The New York-born storyteller hopes their new play, Morris Micklewhite And The Tangerine Dress, will help children find the courage to accept themselves
BY KATIE CHAMBERS, CO-DESIGNED BY WILLIAM BOLES AND SOTIRIOS LIVADITIS & COSTUME SKETCHES BY CAROLYN ROSE SULLIVAN
Morris Micklewhite loves to wear a tangerine-coloured dress because “it reminds him of tigers, the sun and his mother’s hair”. When some of his classmates tell him that boys can’t wear dresses, Morris is confused, but no less determined – he wants to wear his dress, no matter what people say. He embarks on an intergalactic quest to find out more, with only a few trusty sidekicks and his vivid imagination for company.
Using imagination to break binaries is at the heart of playwright juliany taveras’ work. They’re a playwright, poet, photographer and all-round storyteller whose centres Afro/Indigenous diasporas and trans lives at every turn. They’re now telling Morris’ story, adapting the children’s book Morris Micklewhite And The Tangerine Dress by Christine Baldacchino and Isabelle Melanfant for the stage.
taveras has been working on the script for over a year, and it’s now a matter of weeks away from the play’s premiere at the Children’s Theatre Company, Minneapolis, on 10 October. When we meet, they delve into what’s running through their mind: anticipation, pressure, and, above all, optimism.
How are you feeling in the run-up to Morris Micklewhite And The Tangerine Dress?
It’s starting to feel more real. This is the first time I’ve been commissioned by a theatre to do a larger production, so it’s very exciting.
Part of what I love about being a playwright is you get to be part of both the introverted and the extroverted side. I get to have the solo creative process, and then the collaborative aspect after. Now we have costumes and designers and, soon, audiences! I’m really pumped – I can’t wait to see how it all comes together.
Why do you want to tell this particular story?
I feel very lucky that the Children’s Theatre Company reached out to me. I know Peter Brosius, the Artistic Director, and I’m honoured to be part of his final season. I read the story and I was like, immediately yes!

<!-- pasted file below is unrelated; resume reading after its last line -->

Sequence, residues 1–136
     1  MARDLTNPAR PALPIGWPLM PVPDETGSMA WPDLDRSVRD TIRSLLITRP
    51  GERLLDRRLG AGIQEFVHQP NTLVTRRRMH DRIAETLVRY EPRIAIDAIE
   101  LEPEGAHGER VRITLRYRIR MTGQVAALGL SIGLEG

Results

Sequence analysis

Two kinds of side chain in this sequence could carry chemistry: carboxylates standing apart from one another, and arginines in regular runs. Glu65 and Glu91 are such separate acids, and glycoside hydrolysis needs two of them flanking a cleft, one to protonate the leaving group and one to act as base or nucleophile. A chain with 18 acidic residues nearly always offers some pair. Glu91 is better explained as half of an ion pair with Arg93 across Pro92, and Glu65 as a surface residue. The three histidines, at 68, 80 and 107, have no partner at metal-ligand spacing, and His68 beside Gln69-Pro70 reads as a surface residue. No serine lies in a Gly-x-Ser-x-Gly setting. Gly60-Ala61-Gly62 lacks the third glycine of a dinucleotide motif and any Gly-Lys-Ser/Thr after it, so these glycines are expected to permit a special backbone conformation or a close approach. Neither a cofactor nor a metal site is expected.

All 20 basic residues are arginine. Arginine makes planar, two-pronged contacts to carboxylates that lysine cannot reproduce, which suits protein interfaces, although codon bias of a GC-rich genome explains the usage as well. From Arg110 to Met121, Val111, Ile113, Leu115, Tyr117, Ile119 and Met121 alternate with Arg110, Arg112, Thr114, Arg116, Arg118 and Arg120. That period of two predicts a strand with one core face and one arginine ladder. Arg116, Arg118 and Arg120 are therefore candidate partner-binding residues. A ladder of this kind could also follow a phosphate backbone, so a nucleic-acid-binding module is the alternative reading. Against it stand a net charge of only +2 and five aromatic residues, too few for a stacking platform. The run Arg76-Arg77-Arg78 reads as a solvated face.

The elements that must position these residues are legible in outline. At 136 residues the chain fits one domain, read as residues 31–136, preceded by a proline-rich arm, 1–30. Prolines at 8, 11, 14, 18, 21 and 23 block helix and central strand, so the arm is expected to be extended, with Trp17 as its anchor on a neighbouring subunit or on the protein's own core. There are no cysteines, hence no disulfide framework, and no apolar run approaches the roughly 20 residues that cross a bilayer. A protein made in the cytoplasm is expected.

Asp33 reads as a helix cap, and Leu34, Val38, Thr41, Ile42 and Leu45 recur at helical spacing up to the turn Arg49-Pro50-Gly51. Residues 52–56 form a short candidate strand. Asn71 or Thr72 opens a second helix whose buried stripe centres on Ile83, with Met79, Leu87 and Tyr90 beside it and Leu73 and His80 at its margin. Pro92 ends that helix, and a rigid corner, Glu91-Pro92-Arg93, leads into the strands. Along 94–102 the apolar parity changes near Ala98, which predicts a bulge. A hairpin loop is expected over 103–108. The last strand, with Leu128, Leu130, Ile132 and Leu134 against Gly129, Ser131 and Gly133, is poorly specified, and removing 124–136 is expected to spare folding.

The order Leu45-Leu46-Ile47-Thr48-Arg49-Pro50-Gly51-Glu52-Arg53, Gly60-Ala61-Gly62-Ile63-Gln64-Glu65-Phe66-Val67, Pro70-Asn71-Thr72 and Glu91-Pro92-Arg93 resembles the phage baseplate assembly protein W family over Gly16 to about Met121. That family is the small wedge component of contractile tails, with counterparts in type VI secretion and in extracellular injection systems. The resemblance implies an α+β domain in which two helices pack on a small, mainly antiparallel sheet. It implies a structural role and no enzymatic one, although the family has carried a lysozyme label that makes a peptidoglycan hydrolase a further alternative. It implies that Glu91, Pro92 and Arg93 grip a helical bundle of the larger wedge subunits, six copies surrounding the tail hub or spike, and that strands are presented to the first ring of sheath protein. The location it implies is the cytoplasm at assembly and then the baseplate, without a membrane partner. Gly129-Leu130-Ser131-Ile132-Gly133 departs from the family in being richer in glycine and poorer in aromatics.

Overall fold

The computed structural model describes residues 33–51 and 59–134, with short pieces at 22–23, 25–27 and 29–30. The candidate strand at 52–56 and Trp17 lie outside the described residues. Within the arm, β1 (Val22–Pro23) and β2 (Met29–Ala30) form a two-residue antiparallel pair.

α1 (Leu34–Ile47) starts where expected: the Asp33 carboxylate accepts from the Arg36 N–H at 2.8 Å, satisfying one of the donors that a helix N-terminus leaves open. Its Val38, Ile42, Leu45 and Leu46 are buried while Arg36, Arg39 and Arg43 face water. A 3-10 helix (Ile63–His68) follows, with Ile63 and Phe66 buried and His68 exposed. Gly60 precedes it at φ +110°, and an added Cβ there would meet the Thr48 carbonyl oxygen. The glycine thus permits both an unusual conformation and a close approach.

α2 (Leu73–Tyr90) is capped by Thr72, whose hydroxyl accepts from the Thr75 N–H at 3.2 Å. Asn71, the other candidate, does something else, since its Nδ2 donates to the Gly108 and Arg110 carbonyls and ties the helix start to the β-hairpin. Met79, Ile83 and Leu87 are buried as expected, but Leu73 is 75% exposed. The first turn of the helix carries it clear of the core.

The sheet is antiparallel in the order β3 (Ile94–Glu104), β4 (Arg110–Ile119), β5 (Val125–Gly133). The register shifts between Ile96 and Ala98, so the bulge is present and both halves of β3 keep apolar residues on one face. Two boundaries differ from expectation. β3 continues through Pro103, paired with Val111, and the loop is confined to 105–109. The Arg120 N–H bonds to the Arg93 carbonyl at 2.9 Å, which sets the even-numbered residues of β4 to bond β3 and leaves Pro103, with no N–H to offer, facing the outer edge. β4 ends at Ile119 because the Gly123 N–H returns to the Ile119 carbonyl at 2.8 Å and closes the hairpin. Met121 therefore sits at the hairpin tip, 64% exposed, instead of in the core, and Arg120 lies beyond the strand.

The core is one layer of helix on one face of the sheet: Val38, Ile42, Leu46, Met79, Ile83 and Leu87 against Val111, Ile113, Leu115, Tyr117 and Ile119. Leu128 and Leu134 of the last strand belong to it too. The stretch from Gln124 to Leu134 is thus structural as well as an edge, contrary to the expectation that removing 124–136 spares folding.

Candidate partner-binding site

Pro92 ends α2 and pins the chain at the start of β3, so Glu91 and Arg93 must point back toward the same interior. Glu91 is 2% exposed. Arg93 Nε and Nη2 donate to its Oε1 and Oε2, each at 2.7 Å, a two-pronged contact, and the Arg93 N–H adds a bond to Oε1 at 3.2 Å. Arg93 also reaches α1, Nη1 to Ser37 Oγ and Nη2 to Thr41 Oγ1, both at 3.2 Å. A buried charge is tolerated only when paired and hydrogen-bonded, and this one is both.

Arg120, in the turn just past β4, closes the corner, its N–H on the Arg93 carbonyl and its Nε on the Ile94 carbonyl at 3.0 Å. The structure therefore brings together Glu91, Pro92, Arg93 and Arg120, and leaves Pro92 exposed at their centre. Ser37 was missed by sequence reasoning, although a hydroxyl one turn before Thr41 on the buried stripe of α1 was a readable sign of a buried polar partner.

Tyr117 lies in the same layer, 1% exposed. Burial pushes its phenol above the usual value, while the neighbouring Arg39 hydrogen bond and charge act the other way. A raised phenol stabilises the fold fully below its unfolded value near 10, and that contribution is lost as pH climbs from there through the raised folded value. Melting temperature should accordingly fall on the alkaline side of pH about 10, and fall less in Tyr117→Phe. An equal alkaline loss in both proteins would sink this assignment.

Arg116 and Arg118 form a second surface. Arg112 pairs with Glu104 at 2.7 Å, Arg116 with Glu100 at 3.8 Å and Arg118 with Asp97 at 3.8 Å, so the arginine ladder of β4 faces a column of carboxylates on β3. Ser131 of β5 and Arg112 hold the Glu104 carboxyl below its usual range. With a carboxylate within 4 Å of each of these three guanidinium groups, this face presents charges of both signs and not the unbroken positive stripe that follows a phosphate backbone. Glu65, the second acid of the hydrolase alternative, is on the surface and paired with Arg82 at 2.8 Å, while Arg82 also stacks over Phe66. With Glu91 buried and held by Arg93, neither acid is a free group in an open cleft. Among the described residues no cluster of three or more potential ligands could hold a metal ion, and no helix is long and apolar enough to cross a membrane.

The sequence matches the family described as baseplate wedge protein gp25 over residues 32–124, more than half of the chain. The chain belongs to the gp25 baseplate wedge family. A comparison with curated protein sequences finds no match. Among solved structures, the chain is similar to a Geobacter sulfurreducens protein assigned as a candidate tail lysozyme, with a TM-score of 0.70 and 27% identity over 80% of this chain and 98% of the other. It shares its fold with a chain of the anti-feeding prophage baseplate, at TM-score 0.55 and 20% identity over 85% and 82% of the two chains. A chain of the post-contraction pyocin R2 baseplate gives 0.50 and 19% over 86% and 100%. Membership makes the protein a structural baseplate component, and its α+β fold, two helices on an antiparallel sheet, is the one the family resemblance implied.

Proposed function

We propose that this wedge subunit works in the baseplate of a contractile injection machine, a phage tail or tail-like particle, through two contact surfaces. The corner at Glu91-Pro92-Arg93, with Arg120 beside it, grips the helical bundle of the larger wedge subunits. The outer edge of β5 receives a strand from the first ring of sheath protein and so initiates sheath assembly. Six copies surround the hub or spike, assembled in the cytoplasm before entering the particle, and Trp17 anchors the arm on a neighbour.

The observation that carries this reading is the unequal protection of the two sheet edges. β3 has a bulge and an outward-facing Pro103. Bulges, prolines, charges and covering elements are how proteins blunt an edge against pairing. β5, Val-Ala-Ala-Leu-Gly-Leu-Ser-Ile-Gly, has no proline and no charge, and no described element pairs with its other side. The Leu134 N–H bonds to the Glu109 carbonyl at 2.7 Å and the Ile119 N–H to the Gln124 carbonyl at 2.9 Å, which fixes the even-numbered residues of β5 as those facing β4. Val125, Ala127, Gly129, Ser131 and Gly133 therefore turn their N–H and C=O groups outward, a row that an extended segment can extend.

It’s a simple story in terms of what happens, but what it speaks to is much deeper. It’s about being yourself, whatever that means for you! For Morris, it’s his dress. I love that it’s a very sensory experience. He loves how the dress sounds, how it feels, what it reminds him of. It’s not about this larger social narrative of what it means to wear a dress, he just says, “I like it! It pleases my five senses!”
We’re not saying that Morris is queer or trans – Morris is a child who loves this swishy magical orange fabric! But there might be young people in our audience connecting with queerness. We have a brilliant young trans actor in our cast, and I love getting to hear her experience. It’s a reminder that you can know a lot about yourself really early on.
You talk a lot about imagination and crafting new worlds. Do you see your writing as an escape from society or a way of commenting on it?
I think the two things are super connected. Growing up, I was that kid who would get a stack of books from the public library and get through them in two weeks. Part of what drew me to storytelling was escapism: I may live in this one town, in this house, with these rules, but while I’m reading this book, I can escape.
That’s definitely still present in my writing. I want to create these other worlds to break free of the confines of my social reality. But when we do that, it helps us step back a little bit and get a different view of our reality. We’re having a conversation with the world we’re in.
I like bridging these gaps. If we love a fictional world, can we make our world more like that world? When I write, it’s almost like “See! What if we did things like that!” I’m a begrudging optimist.
What would you say are the biggest challenges in the work you do?